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Trash Fines Pile Up as Bears Pay the Price

17 tickets and more to come:  Nine bruins have been killed just six weeks into season, a five-year high


Doug O'Hara / Anchorage Daily News / June 25, 2005


The bears are spilling cans. Ravaging bags. Scarfing leftovers.

And Anchorage residents are getting fined.

So far this summer, 17 people have been nailed with a $110 state citation for negligent feeding of bears, and four dozen others may soon receive a city ticket for leaving garbage out before midnight, according to the Alaska Department of Fish and Game.

"We've essentially received hundreds of calls," said assistant state biologist Jessy Coltrane. "A couple weeks ago, I was logging 30 calls per day. It's the same problem we've had every single year: It's the trash."

Several hungry black bears have been munching refuse in neighborhoods from Eagle River to Muldoon to Girdwood -- despite a state law intended to stop the practice, an old city ordinance revived to help out, and years of posters, bumper stickers and nagging by wildlife managers. And pointed threats last month to start writing tickets.

The number of offending animals is a fraction of the estimated 50 to 60 black bears that live in the Anchorage Bowl. But a single bear working a Muldoon street can hit 40 trash cans in an hour and generate 30 calls, Coltrane said.

"They're baiting bears into these neighborhoods," she said. "It's a public safety issue."

Only six weeks into bear season, nine black bears have been killed by biologists or residents (or sent on a one-way trip to a University of Alaska Fairbanks hibernation study). That's the most black bears killed in Anchorage since 2001, when 11 were shot and one was hit by a vehicle.

Coltrane and state biologist Rick Sinnott issued most of the state tickets in the past two weeks. Only two or three tickets were written all last year.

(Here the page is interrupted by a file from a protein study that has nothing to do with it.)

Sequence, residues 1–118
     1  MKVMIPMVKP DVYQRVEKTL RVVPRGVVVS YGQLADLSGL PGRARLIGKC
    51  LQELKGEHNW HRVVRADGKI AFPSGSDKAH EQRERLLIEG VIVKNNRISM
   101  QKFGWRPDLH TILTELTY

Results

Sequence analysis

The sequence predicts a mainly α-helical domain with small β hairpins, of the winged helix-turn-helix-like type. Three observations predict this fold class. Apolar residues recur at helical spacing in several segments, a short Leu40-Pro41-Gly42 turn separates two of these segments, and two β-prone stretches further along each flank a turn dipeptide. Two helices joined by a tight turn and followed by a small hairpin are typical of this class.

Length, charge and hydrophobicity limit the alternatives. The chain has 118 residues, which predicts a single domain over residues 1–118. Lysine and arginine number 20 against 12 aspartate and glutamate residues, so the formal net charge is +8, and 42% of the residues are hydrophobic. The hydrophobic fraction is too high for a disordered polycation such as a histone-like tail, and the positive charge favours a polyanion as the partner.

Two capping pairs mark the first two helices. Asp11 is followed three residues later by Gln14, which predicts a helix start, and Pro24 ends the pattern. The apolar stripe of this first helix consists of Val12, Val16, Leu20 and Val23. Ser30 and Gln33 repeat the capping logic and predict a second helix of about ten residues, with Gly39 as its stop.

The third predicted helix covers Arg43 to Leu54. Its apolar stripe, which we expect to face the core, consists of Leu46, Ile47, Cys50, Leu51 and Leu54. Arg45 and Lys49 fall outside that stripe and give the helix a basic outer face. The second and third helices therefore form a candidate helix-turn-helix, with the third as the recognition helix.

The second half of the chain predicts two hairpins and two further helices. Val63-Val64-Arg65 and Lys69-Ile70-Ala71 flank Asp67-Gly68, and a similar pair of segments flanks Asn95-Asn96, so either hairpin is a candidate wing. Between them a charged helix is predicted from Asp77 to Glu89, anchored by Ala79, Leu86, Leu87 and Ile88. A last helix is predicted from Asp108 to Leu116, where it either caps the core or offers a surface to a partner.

This month, Sinnott took digital photos of garbage placed at the curb in front of 45 homes in a neighborhood along the Eagle River and took them to the Anchorage Police Department. Each picture showed garbage in front of a specific house, plus a digital time stamp between 10 p.m. and midnight, he said.

Placing garbage in view before midnight of pick-up day violates an old city ordinance, originally intended for beautification. In May, police said they would enforce this law as a way to reduce bear conflicts. Friday afternoon, no one contacted at police headquarters knew whether the residents of the houses had been ticketed.

As soon as the department acts, the biologists said they hoped to gather more evidence."We'll be coming to a neighborhood near you," Coltrane said.

Some of the incidents seem practically insane. Coltrane said she found garbage piled next to three tricycles outside one house. Frequently, the trash sits along streets where children play late into the summer night.

Donna Redding, an archaeologist with the Bureau of Land Management, drove to a popular trail head at Mile 1.1 of Campbell Airstrip Road last Thursday afternoon and discovered a man feeding -- and apparently petting -- a small black bear.

At first she thought it was a big furry Newfoundland dog.

"It was hard to even know what to think," she said. "I just didn't expect to see someone touching a bear out there. I was just speechless. I still am."

Redding confronted the man. "He told me something like, 'I used to have a black bear on a chain and I liked it a lot,' " she said.

A carload of teenagers spooked the animal up a tree. Redding drove back to headquarters and reported it to the agency's rangers.

"I did my (archaeological) survey later, with a little more anxiety than normal," she said.

The bear reports have been spread all over, but the eastern fringe of Muldoon near the wild land of Fort Richardson may be the worst, Coltrane said.

It's two or three blackies that like to cruise in the middle of the night, said Boundary Road resident Nathan Kimmel.

"I've been out at 3 a.m. to have a cigarette, and I think it's a group of people coming up the road," he said. "But it's a bear."

A few weeks ago, a small yearling black bear began tearing open tents in woodsy Centennial Camper Park, north of Boundary near the Glenn Highway. After the animal took over a sloppy barbecue, it was captured by Sinnott and sent to Fairbanks to serve as a subject in a hibernation study. It will later be killed.

Other campers, who were stashing food properly, were angry about the fate of the young bear and the messy campsite that doomed it, said Grand Junction resident Rita Hiller. "This just fries me. You could tell the bear was licking the rocks for an hour and a half. It's the stupid people. It was not the bear's fault." Since then, the campground has been quiet and clean, said staffer Karen Jarrett.

The last bruin visit occurred Sunday, when a large black bear nicknamed "Bubba" sauntered into view. Although the animal didn't bother anyone, Jarrett and another employee herded it back into the forest with a four-wheeler and a few well-placed stones.

"The campers know when they hear me say, 'Get out of here, bear,' " Jarrett said.

Daily News reporter Doug O'Harra can be reached at do'harra@adn.com.

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